Author Posts

June 19, 2017 at 8:29 pm

I will be converting this snip to two separate functions. One to test for general access to a remote computer and the other to test a WsMan connection. To test if access is granted on a remote computer I'm just doing Get-WMIObject just to see if I can access the remote computer. If I can't access it I know the specific user group is not added to the local administrators group and I can just exit here.

My question: is there a better way to test remote administrator access on a computer?

Write-Verbose -Message "testing remote administrator access and WinRM on $ComputerName" -Verbose
try{
  $test = Get-WmiObject -Class win32_operatingsystem -ComputerName $ComputerName -ErrorAction Stop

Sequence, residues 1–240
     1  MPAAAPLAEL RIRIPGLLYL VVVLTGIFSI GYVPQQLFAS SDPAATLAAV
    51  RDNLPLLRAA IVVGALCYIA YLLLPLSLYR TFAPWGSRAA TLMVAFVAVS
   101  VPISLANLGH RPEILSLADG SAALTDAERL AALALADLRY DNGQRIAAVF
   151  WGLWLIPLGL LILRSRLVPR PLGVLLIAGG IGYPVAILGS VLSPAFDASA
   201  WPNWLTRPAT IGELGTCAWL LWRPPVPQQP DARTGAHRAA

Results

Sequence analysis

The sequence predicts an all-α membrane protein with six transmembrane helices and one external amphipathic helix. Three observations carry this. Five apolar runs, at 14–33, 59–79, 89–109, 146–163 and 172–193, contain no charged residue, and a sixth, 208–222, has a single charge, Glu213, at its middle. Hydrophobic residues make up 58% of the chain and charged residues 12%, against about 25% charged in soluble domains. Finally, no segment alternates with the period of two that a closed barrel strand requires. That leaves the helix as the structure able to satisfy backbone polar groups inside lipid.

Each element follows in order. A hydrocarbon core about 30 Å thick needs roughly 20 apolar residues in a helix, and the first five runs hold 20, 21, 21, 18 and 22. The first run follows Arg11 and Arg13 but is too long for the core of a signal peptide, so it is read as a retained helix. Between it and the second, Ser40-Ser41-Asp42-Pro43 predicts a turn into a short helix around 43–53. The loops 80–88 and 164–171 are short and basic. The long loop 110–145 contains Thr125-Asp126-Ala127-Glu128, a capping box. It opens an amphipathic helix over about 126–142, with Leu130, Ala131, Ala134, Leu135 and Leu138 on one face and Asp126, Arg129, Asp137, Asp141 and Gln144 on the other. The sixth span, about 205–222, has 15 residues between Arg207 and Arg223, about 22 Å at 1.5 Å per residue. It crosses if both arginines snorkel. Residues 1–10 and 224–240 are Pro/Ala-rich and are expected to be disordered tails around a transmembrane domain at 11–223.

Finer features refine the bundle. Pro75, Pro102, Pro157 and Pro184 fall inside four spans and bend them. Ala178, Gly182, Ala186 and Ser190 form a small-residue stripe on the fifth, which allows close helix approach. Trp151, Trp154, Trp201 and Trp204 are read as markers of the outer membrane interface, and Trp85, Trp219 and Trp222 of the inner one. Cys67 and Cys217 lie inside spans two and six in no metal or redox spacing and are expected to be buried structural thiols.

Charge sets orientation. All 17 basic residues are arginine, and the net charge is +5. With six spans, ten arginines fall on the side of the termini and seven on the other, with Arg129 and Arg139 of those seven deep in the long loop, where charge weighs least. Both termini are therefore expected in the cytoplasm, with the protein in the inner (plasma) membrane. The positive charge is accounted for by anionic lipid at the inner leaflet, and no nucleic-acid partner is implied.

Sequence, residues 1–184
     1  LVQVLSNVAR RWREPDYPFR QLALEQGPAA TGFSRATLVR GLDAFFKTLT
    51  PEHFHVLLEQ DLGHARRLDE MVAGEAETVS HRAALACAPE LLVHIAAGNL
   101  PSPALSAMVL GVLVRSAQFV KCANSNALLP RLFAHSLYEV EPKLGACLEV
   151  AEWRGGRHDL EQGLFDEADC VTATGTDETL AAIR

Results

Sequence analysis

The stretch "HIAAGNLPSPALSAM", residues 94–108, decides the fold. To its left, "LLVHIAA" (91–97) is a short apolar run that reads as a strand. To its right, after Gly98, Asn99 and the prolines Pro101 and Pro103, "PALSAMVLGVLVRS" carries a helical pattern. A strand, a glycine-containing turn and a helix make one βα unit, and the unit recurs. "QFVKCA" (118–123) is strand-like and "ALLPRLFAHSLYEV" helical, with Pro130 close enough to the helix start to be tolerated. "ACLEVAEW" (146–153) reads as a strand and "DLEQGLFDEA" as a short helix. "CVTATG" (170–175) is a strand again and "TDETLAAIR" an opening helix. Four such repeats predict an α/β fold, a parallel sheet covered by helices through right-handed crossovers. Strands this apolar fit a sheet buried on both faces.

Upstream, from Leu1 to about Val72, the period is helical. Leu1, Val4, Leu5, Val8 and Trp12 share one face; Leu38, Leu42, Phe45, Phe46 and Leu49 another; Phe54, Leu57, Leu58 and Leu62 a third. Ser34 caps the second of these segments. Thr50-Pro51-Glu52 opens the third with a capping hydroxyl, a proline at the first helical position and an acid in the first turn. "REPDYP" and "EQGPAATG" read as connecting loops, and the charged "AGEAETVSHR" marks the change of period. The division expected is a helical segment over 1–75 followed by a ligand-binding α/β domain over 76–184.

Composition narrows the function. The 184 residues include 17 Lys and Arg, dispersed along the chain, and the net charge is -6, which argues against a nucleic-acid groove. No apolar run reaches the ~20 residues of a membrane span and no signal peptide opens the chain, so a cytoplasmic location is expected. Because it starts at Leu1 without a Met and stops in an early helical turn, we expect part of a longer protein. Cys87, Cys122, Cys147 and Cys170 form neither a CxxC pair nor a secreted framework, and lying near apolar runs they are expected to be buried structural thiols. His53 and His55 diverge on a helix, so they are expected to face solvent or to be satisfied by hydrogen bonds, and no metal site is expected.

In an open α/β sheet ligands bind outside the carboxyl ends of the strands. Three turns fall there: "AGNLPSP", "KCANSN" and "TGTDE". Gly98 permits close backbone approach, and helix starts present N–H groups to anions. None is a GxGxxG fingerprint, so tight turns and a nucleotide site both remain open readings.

$access = $true
}
catch{
  $access = $false
}
if($access -eq $false){
  Write-Warning -Message 'Access denied: Please ensure that a required user group is added to the Local Administrators group. (domain\AD group)'
  Exit
}

if([bool](Test-WSMan -ComputerName $ComputerName -ErrorAction SilentlyContinue) -eq $false){
  Write-Warning -Message "WinRM might not be configured on $ComputerName. Please correct this then run script again"
  Exit
}
Write-Verbose -Message 'Remote administrator access passed and WinRM access passed' -Verbose

June 20, 2017 at 1:15 pm

Yes and no. WMI is just testing WMI; it'll fail against any new version of Windows (e.g., Win2016) with WMI disabled. Ping just tests the ICMP protocol. Remoting just tests Remoting, which could be disabled. None of those would verify Remote Registry access, for example. You just kind of have to decide for yourself if it's sufficient.

June 20, 2017 at 1:39 pm

If I have WMI access does that mean I have admin rights on the remote computer? I could do a try CIM Catch WMI to solve the problem where WMI is going away.